A cash-out refinance can make sense if you're able to get a good interest rate on the new loan. The answer also depends on what you plan to do with the money. Seeking a refinance to fund vacations or a new car isn't a good idea because you'll have little to no return on your money. On the other hand, using the money to fund a home renovation can rebuild the equity you're taking out.

Either way, you’re using your home as collateral for a cash-out refinance, so it's important to make payments on your new loan on time and in full.

Frequently asked questions

With a cash-out refinance, you take out a new mortgage that's for more than you owe on your existing home loan, but less than your home's current value. At closing, you'll receive the difference between the new amount borrowed and the loan balance.

Shop around with multiple lenders to compare cash-out refinance rates. You may also be able to buy points to bring down your refinance interest rate. While you're comparing lenders, be sure to also check the costs and fees associated with getting the refinance. These don't affect your rate, but fewer added fees will lower your closing costs.

With a conventional loan, you'll need to have owned the house for at least six months to qualify for a cash-out refinance. You can't do a cash-out refinance on a VA loan until you've met a 210-day seasoning requirement or made six monthly payments, whichever is longer. With an FHA loan, you aren't eligible for a cash-out refinance for 12 months. With all of these, there are exceptions for circumstances like divorce or inheritance.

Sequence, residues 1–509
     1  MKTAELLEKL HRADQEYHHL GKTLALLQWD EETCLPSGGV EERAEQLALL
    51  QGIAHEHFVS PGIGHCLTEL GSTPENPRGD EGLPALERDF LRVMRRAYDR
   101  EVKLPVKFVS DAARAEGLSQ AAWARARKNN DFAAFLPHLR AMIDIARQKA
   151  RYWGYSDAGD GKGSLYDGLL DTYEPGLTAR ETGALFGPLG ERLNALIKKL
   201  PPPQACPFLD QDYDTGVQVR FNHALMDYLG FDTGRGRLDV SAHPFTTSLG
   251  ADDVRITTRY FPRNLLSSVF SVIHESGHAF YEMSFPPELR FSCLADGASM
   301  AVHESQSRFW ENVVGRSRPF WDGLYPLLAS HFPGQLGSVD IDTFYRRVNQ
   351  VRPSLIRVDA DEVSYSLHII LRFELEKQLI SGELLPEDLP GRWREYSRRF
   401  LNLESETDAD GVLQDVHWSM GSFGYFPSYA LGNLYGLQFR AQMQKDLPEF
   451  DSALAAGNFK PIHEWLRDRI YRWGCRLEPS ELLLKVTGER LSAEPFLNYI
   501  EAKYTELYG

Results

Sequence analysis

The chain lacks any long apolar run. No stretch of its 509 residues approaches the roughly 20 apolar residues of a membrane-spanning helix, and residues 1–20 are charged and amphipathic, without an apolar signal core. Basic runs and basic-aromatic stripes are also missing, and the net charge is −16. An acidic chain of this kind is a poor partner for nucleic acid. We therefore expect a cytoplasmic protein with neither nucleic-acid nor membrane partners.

No. Since this cash is considered a loan, it’s not subject to income tax. However, depending on how you spend the cash, you might be able to write off the interest you pay.

Generally, you can deduct the interest up to IRS limits if you spend the money on permanent projects that add value to your home. Check with a tax professional, but those can include adding a bedroom, replacing your roof or installing a swimming pool. Routine repairs or painting typically don’t count because they don’t increase your home’s value.

If you use the cash for reasons outside of home improvement, such as tuition payments or debt consolidation, you can’t deduct the interest.